Well at that moment, I was not thinking laterally, there was only one place I was going, to where the hammer hangs. After thinking, on doing the pour test, oh I forgot one etc...

AND no dogs jumped into t he truck that morning ,funny that, they just looked from afar with that "well it could have been worse" look they give from time to time.

And Marcia, didn't have my phone handy or I would have captured some of those antics.....hmm



#55 glazenerd

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Posted 25 November 2016 - 07:02 PM

Well, guess I get to add to the list of epics in my pottery career.

 

I had filled my 16CF with thrown items from using my new wheel. I knew many of them still had higher moisture content, others were fairly dry. I candled the entire load at 130F for 16 hours, and then did a high candle at 190F for another 12 hours. I used a mirror to check for steam: checked it several times over a 30 minute period. No steam /moisture showed up, so I let it begin to climb to inversion temps. I checked on it about 4pm, when I opened the studio door I could see steam rolling off the top of the kiln. I quickly shut it down at 1189F, and slightly cracked the lid: the steam just poured out.  I must be getting old, I saw no visible signs of steam when I put the mirror up there several times.   I dread opening it when it cools.

 

Nerd



#56 Mark C.

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Posted 25 November 2016 - 08:20 PM

Just get the shop vac out and get ready to vac up the shards as somewhere most likely something blew up.

Beginner pots are always to thick and take special care. Welcome to throwing 101.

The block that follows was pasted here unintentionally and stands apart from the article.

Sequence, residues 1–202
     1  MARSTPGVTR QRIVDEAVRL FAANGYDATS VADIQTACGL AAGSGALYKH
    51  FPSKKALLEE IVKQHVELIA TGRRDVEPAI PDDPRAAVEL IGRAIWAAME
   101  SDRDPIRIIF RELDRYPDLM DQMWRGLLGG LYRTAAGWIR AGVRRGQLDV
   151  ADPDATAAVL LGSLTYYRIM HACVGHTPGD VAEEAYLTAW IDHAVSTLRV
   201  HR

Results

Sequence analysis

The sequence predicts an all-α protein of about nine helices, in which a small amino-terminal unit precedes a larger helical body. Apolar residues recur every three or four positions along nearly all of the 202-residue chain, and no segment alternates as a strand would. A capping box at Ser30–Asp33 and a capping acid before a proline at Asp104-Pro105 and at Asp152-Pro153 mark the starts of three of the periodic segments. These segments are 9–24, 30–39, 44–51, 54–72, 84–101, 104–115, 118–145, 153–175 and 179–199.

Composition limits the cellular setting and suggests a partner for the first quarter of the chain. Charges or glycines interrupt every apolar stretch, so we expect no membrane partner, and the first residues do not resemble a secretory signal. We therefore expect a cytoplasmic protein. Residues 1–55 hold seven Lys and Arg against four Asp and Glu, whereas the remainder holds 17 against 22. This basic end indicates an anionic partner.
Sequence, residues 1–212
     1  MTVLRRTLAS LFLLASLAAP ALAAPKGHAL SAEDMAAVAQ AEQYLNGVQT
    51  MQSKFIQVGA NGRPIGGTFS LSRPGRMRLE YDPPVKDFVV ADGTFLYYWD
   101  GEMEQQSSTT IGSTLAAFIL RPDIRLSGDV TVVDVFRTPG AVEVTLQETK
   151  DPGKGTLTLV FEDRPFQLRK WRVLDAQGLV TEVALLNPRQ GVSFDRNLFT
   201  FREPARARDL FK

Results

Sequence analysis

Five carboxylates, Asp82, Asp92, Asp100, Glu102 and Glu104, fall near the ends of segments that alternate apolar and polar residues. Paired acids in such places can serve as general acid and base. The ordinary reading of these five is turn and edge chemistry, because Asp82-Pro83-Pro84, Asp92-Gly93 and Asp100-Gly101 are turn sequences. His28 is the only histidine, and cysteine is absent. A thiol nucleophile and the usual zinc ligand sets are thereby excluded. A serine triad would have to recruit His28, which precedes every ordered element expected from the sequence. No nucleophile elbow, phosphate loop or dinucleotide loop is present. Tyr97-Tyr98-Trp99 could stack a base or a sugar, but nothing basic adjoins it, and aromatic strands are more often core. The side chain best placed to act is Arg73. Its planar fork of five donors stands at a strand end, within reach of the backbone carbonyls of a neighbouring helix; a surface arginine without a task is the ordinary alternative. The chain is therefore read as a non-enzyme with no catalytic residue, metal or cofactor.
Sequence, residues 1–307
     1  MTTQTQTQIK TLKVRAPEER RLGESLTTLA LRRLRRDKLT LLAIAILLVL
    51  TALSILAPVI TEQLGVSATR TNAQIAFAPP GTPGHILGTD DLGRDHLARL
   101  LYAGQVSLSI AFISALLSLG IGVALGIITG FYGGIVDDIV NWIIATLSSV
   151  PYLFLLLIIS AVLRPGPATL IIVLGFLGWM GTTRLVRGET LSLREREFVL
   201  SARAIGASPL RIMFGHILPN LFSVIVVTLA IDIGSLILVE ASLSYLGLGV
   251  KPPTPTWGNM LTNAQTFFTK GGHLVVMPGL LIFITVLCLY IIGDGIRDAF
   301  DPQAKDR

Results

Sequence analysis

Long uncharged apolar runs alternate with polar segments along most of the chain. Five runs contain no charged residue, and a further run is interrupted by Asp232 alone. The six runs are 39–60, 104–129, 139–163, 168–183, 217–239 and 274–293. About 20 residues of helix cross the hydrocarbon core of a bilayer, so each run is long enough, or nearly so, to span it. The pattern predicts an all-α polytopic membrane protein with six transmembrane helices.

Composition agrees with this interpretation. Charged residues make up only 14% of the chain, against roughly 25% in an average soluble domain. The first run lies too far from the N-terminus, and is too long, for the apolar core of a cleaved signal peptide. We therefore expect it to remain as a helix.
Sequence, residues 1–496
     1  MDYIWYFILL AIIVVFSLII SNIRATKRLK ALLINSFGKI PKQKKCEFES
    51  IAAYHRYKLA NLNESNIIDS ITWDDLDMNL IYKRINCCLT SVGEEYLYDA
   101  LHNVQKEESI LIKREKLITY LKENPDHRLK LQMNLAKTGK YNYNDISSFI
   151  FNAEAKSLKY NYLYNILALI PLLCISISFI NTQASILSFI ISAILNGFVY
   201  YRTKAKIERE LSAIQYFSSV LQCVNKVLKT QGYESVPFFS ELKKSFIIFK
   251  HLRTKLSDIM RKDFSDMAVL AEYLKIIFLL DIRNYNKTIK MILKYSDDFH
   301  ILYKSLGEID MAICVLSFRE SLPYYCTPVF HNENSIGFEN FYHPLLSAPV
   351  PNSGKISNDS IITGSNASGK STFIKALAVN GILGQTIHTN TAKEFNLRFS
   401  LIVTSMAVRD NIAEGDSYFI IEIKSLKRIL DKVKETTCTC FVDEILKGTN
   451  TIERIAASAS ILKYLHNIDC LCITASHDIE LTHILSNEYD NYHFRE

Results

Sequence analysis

The 16 hour candle should have done it except 130 is not hot enough to drive out the moisture -same deal with 190-need to increase slowly above those temps. Glad your electricity is next to free there in the rust belt.That would have cost me about 30$


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#57 Marcia Selsor

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Posted 26 November 2016 - 08:05 AM

Nerd,
It could be steam coming from the bricks if it has been damp. My bricks have caused rusting spots on the steel jackets. It isn't from the pots because it is even on the floor ring.

When I am drying out large paper clay slabs, I first turn on the kiln for a few hours, then off just to dry it some. Humidity down here is usually low in the 80% range. Once I program the slow bisque, I hold it at 200 F for several hours, then continue slowly.Be
Marciacause of the nubs on the back of the slabs, and they rest on coils, there is ample room for steam to escape.

Marcia
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#58 glazenerd

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Posted 26 November 2016 - 09:14 AM

Mark: just over $3 -- remember though 3" brick with 1" fiber..  Those doing high firings or long ramp holds need to consider that when purchasing (for others)

 

Marcia:

I sure hope so, I know there was no steam on the mirror: does have me stumped. Woke up this morning to a bad thought, wondering if a stray cat got it there. I do leave the kiln door open, and I do leave the studio door open: and it has happened before...but I saw it before I closed the door last time.

 

Nerd



#59 glazenerd

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Posted 26 November 2016 - 12:12 PM

Just came in from opening the bisq load: nothing cracked, nothing exploded: more importantly- no critters!

Marcia: will go with your call--moisture in the bricks.   Very weird event!  Back to firing.

Nerd



#60 Mark C.

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Posted 26 November 2016 - 12:51 PM

Just came in from opening the bisq load: nothing cracked, nothing exploded: more importantly- no critters!

Marcia: will go with your call--moisture in the bricks.   Very weird event!  Back to firing.

Nerd

Nothing Epic about that